It seems to me that "recursively enumerable" is a misnomer. Other sources seem to use "partially decidable", which seems more appropriate. The definition of such a set does not require the existence of any algorithm that would

enumeratethe first N members of such a set, in finite time, for any N. The definition merely requires a "maybe-decide" function which returns in finite time if an element is amemberof the set.So far, all the examples of partially decidable sets I was able to find were not actually enumerable. For each of those sets, a "maybe-decide" function was apparent, but there didn't seem to be any enumeration algorithm that would return N numbers from the set in finite time for any N.

The question, then, is whether there are any partially decidable sets, which are actually enumerable? An

actuallyenumerable set is required for the elements of a Specker sequence to be computable.Thomas:"We now know that there are profound distinctions between different types of infinity."I am not entirely convinced that the "different types of infinity" are not merely delusions - the results of a sequence of logical arguments whose foundations are in clouds.

In classical computing, we only have one conceptual infinity at our disposal. We have the concept of infinite time. At any given actual moment in time, we will be limited by a finite amount of computing power, and a finite amount of storage. Any mathematics that assumes more computing power than this has its foundations in the clouds. Its results, it seems to me, are also in the clouds.

I'm not sure if the same can be said about quantum computing. Perhaps quantum computing can introduce additional infinities. I don't know enough about that to say.

Thomas:"But what is an “increasingly large finite set”? When you take the limit of "increasingly large finite set," you get an infinite set."But that's nearly identical to this:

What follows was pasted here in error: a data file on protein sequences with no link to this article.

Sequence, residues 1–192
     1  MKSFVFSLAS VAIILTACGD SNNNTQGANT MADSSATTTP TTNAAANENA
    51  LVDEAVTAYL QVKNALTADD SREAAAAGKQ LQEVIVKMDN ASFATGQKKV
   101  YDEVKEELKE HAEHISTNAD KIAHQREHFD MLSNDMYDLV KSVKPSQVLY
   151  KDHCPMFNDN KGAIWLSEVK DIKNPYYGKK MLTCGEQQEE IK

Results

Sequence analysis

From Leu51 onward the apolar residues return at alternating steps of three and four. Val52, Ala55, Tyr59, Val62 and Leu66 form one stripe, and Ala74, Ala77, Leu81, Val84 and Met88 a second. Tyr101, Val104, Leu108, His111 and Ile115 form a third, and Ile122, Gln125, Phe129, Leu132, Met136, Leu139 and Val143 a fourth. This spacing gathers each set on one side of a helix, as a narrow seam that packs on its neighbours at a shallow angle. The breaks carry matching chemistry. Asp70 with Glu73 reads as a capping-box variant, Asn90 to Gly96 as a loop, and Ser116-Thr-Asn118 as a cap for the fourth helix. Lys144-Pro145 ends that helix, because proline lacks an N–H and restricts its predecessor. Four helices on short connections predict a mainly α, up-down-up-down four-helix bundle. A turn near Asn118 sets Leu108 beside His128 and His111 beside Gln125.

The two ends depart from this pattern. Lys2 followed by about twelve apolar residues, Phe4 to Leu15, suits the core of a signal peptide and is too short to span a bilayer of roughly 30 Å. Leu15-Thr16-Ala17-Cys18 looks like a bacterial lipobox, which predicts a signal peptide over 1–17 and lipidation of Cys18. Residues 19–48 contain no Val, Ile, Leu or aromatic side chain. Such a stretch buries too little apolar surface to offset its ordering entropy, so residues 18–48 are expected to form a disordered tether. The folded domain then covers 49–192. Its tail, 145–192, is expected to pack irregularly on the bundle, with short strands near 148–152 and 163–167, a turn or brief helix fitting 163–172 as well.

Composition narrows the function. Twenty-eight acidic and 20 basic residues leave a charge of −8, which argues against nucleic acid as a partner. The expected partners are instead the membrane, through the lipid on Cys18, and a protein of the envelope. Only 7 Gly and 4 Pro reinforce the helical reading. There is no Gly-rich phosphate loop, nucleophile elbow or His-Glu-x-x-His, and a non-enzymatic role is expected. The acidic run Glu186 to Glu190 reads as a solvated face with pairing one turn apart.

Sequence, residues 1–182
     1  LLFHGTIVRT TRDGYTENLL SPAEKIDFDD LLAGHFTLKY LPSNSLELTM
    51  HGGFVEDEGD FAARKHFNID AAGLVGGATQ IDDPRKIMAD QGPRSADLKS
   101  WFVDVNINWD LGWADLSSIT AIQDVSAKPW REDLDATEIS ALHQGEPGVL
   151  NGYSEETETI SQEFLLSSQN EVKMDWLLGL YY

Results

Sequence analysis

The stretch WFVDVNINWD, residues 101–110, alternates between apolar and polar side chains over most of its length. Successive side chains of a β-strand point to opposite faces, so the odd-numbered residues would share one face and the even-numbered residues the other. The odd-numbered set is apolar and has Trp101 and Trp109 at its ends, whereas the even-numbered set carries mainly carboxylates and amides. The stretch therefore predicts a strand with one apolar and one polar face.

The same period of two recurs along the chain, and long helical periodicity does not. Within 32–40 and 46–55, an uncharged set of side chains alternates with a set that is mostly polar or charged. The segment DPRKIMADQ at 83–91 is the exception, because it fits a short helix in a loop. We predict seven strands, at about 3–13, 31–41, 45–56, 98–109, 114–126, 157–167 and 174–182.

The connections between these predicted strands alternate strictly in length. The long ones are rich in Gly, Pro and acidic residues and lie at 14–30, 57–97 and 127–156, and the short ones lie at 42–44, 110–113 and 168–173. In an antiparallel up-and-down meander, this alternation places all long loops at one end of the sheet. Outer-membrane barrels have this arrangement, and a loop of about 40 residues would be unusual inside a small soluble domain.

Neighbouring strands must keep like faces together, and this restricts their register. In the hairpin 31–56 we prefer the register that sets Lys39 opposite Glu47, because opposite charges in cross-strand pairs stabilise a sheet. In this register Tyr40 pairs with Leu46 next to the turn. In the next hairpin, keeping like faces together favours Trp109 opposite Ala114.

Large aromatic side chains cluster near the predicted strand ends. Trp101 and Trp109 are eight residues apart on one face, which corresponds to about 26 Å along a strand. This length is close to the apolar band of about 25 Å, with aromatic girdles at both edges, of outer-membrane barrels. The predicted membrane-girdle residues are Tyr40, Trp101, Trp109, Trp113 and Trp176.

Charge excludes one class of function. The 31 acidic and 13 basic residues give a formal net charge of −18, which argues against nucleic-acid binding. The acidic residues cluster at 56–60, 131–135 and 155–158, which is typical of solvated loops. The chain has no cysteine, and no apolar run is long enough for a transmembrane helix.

But what is an "increasingly large natural number"? When you take the limit of "increasingly large natural number", you get infinity.

And yet "infinity" is not considered a member of not even reals, let alone any computable numbers.

"Perform the first step of the first program; next, perform the first step of the second program and the second step of the first program; next, perform the first step of the third program, the second step of the second program, and the third step of the first program; and so on."It sounds plausible that, for any N, this would result in an eventual unordered enumeration of N elements of the set in finite time. If that is so, then yes, it sounds like a deterministic Specker sequence is computable, and yet we have no way of approximating its limit. In fact, knowing its limit would be tantamount to solving the halting problem. Interesting.

So, that begs the next question. Why is the "lowest upper bound" criterion so cherished? :-)

Why the pretense?

In my understanding of recursively enumerable sets, they possess a generation function that algorithmically generates the set.

In contrast, an enumerable set possesses a decision function that will determine, in finite time, whether a particular element is a member of the set. These sets are also known as decidable sets.

Note that a decision function may operate as a generation function by iteration through the universe of candidate elements. However, a generation function can never operate as a decision function. If it could, the concepts of decidable sets and recursively enumerable sets would be equivalent. (The set of decidable sets is a proper subset of the set of recursively enumerable sets).

In the case where the sets in question are infinite subsets of an ordered infinite set, e.g. the reals, it is crucial that the generation function g may generate out of order, as in the dovetail scenario. If this were not the case, for any candidate element r, we could simply wait a finite time for g to produce an element greater than r, and we would know whether r was in the set. Hence g would be functioning as a decision function.

These distinctions are important to understand the Specker sequence that you referenced, because it is based on a set that is recursively enumerable but not decidable. You can think of this particular sequence as starting with an infinite string of zeros, with a binary point to the left of the string. As the sequence progresses, one zero is flipped to a one for each element in the sequence. An algorithm determines which zero to flip next, but does not do so in place order. Hence, there is no way to know whether a particular zero flips, because the algorithm never halts.